At around 15 weeks of gestation, the pregnant woman was infected with SARS-CoV-2, presenting a moderate form of the disease, with cough, altered general condition, temperature of 38.5 degrees Celsius and asthenia; paraclinically, the patient had leukopenia and increased C-reactive protein.
At 18 weeks of pregnancy, the pregnant patient went to the routine checkup, where a severe oligohydramnios (Figures 4, 5 and 6) and a growth restriction of about 2 weeks (Figure 7) were noticed.
Two Amnioquick® tests (rapid test) were performed to identify the premature rupture of membranes, and both tests were negative. Anticoagulant therapy was urgently instituted – Clexane® 6000 IU (60 mg)/0.6 ml solution for injection in a pre-filled syringe/day, BMI=20.7, and actovegin 200 mg, 3 tablets/day.
After four weeks of treatment, the amniotic fluid index returned to normal and the fetus resumed the normal growth (Figures 8, 9 and 10).
At 24 weeks of gestation, the treatment was reduced to one tablet a day of actovegin, and the anticoagulant treatment remained the same.
The pregnancy evolved physiologically, and the birth occurred at 38 weeks by caesarean section, the fetus weighing 2800 g, with an Apgar index of 9. The placenta was small, vested with a few small areas of infarction and calcification areas, especially in the central area of the placenta (Figure 11).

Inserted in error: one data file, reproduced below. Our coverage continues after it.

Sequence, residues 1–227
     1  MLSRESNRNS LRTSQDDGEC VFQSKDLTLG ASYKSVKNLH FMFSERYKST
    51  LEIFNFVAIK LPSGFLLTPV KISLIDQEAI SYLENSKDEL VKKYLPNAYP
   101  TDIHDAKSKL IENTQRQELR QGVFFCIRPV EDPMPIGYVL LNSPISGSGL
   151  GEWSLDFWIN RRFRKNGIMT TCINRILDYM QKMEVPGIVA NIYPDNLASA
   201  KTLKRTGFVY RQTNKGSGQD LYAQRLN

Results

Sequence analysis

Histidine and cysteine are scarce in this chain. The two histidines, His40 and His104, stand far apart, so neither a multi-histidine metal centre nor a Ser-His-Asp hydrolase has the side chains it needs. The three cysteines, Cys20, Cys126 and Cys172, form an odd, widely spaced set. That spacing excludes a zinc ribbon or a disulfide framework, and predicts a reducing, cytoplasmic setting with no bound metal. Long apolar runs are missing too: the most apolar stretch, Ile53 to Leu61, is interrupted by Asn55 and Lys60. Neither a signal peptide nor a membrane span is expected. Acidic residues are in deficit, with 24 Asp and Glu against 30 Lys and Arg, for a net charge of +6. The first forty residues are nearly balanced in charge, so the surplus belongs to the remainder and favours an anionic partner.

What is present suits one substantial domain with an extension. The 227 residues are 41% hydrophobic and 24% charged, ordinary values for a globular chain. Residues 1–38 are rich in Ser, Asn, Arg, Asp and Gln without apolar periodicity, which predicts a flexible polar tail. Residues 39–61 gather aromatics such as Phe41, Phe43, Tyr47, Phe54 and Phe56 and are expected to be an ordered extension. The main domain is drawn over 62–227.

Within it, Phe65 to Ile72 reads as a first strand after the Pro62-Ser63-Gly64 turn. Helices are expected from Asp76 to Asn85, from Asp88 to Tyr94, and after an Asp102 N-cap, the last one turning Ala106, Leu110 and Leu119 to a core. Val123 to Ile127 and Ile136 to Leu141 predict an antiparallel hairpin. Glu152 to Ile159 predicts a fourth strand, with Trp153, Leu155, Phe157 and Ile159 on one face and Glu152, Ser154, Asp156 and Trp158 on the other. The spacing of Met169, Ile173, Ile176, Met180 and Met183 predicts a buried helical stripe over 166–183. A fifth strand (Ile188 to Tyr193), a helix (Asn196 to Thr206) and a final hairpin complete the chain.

These changes were caused by the inflammatory process caused by SARS-CoV-2. Recent research has revealed an overexpression of interferon-like genes(13), as well as an increase in the activity of NK cells(14) and T lymphocytes(15).
The patient’s postpartum evolution was favorable. She was discharged at four days postoperatively and continued the antithrombotic prophylaxis for 14 days.
1. SARS-CoV-2 infection causes an intense systemic inflammatory process (cytokine storm) that is associated with an increased risk of thrombosis, the placenta in particular being a vulnerable organ to these pathophysiological processes.
2. The expression of placental insufficiency is given by the appearance of oligohydramnios, the restriction of intrauterine growth, as well as its structural changes.
3. The changes may be reversible, especially under anticoagulant and vasotrophic therapy. The process is obviously more sustained if the placenta is in the first part of pregnancy and its potential for development is still very good.
4. Vasotrophic and vasotonic medication (actovegin) has a promising role in the treatment of placental insufficiency of various etiologies. New studies are needed to explore the therapeutic potential.
Conflict of interests: The author declares no conflict of interests.